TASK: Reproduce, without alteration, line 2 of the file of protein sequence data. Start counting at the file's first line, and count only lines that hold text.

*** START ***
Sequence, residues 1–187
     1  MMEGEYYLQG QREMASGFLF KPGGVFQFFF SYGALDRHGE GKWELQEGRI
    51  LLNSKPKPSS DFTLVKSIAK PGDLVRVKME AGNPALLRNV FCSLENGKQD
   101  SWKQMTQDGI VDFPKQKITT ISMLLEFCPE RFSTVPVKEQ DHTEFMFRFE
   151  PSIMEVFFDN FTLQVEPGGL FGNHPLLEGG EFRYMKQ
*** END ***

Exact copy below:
     1  MMEGEYYLQG QREMASGFLF KPGGVFQFFF SYGALDRHGE GKWELQEGRI